This bail bonds glossary of terms was put together to help those who may not understand some of the legal jargon and terms of their bail bonds application or indemnitor application. If you are not familiar with or are new to the surety bail industry, much of the terminology and everyday language will sound foreign to you.
The following terms, definitions and industry information may be of help when asking about bail bond prices or what is in a bail contract. Of course, if you need further explanation, feel free to contact a local bondsman near you.
Bail Bonds Glossary Terms
Accused: The person who is arrested and/or accused of a crime; also called the defendant.
Absconding Debtor: A defendant who purposefully leaves a jurisdiction (area where arrested) to avoid the legal process.
Action: The steps by which a party seeks to enforce any right in a court or all the steps of a criminal prosecution.
Affidavit: A written statement given voluntarily under oath before a notary public or other official authorized to administer oaths.
Agency: A business location at which a licensed and appointed bail bond agent engages in any activity and employs individuals to engage in any legal activity under the license and appointment of bail bonds.
Arraign: Arraignment of an accused consists of calling upon him by name, reading the charges in the arrest documents, and demanding to hear a plea of innocence or guilt. This hearing may be combined with informing the accused of options regarding a defense attorney.
Arraignment: The first appearance of the criminal defendant before a judge to address the charges he/she has been accused of. The judge will set or deny bail at this stage.
Arrest: To deprive a person of his liberty by legal authority.
Bail: Monetary or other form of security given to ensure the appearance of the defendant at every stage of the proceeding. Bail is a surety contract made up of three parties. The Obligee, The Obligor and The Surety (see definitions for explanation). The bail contract is also written for an indefinite term and also must remain in effect until the obligation is fulfilled. It cannot be cancelled in the same manner as an insurance policy. Surrender of the defendant, however, is one method of fulfilling the obligation and allows the surety to be relieved of liability.
Bail Bond: The document executed to secure the release of an individual in custody of the law.
Bail Bondsman: A limited surety agent or professional bondsman.
Bail Loan: A loan to help pay the cost of bail. A bail loan can be a bank loan or personal loan; enough to cover the entire cost of cash bail or the 10% premium
Bail Schedule: Bail schedules are a list of crimes within the county and the bail amounts required to release the accused from custody. These bails vary from municipality to municipality. Judges can also change the amount of bail needed, depending on the facts of each case.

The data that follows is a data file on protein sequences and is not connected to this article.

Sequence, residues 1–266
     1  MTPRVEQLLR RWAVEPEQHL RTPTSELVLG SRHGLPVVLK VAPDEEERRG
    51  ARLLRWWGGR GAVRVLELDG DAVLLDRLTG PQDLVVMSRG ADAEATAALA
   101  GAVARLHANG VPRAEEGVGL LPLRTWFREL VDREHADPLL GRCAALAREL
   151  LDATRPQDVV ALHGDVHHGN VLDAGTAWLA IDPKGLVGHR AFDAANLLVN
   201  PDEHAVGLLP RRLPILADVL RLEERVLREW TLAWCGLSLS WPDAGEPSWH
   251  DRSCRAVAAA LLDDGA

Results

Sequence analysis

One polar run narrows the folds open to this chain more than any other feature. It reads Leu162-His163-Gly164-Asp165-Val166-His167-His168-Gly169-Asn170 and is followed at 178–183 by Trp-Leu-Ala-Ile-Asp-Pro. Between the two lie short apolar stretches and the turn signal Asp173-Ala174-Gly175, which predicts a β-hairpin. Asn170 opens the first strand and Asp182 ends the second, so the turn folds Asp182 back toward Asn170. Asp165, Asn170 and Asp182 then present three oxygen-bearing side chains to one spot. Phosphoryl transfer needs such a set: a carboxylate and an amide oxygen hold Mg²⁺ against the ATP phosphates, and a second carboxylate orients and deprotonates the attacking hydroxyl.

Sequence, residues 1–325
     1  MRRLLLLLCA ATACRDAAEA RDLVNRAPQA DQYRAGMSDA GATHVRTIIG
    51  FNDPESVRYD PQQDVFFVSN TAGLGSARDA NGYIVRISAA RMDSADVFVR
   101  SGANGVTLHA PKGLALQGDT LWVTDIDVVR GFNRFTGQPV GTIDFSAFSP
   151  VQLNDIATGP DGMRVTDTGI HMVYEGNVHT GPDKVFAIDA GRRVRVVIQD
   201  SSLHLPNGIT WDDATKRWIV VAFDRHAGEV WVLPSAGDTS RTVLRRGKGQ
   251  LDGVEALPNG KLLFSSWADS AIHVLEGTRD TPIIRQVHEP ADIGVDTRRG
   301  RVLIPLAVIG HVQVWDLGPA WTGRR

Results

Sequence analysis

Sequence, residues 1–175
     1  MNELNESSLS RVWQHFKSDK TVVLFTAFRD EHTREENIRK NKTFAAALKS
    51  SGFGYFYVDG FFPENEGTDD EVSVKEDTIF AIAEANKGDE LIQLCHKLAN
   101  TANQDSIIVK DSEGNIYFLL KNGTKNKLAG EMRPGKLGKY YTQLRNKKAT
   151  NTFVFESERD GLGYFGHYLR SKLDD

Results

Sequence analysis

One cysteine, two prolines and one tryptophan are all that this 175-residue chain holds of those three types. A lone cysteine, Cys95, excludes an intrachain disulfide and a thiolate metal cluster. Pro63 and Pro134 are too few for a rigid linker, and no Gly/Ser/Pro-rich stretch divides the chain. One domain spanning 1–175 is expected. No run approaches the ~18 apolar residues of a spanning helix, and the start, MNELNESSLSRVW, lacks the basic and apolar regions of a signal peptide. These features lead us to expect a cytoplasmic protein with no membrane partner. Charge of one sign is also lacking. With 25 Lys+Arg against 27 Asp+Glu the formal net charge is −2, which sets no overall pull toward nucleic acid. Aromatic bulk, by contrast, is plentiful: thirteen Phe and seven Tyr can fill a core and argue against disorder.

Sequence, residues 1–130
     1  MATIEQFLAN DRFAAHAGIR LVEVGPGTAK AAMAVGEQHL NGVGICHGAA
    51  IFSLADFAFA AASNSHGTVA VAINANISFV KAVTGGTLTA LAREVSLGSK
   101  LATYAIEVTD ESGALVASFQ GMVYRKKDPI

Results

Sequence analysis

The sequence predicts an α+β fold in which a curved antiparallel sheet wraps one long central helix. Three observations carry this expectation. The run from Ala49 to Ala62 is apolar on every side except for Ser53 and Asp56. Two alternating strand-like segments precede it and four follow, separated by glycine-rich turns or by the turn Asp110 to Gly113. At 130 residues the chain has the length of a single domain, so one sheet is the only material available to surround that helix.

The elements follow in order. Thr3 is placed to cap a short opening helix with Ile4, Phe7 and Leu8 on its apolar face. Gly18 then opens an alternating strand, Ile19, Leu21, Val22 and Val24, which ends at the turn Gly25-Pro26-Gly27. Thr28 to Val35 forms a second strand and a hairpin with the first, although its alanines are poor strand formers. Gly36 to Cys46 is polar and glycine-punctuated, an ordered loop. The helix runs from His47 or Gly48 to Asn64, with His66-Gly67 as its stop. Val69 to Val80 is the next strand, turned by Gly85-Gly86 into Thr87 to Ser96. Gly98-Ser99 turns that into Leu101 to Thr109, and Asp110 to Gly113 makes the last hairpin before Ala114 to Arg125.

Bond: Customarily a written statement instrument in which one party (the principal, the defendant) agrees to perform some act for the benefit of a second party (the obligee), and a third party (the surety) agrees to pay the sum of money that has been fixed as the penalty if the principal (defendant) fails to perform.
Build-Up Fund: A fund that is held in trust for the limited surety agent by the surety company and into which a portion of all bond premiums are paid. This fund is normally used to indemnify the company from losses that might be caused by the agent.
Cash Bond: This is where the defendant, or someone on his/her behalf, must pay the Court the full amount of the bail bond, in cash, in order to be released from custody. The defendant and the co-signer, if any, must sign the bond that guarantees the defendant’s appearance at all future court appearances.
Citation Release: A defendant may be given a written citation by the arresting officer in lieu of going to jail. A “Cite Out” is generally used for very minor infractions.
Collateral: Something of monetary value to protect the surety from loss. If the defendant fails to appear in court and cannot be apprehended and returned to the custody of the court, the collateral could be sold and paid to the court to cover the amount of the bail. An example of collateral may include a home, land, buildings, vehicles, jewelry and cash.
Contract: A legally binding agreement between two or more persons.
Court Order: A command or mandatory order by a judge made during a case.
Criminal Defense Lawyer: A criminal defense lawyer is a legal professional who organizes a case and represents someone accused of a crime. Everyone in America, whether a citizen or not, is entitled to legal counsel before questioning can begin.
Defendant: One who must defend himself in some action at law. In criminal proceedings, the accused. In criminal surety bonds, the principal.
Detention Facility: Facility where a defendant is held when waiting for bail or trial. You can search for county Detention Facilities here.
Discharge: In reference to a surety bond, to fulfill the obligations of the bond. In bail bonds, the bond is said to be “discharged” when the case is disposed of.
Exoneration: To remove a burden or release from a duty.
Extradition: Extradition is the legal process by which a person who has committed a crime in one state and fled to another state may be returned to the state where the crime was committed.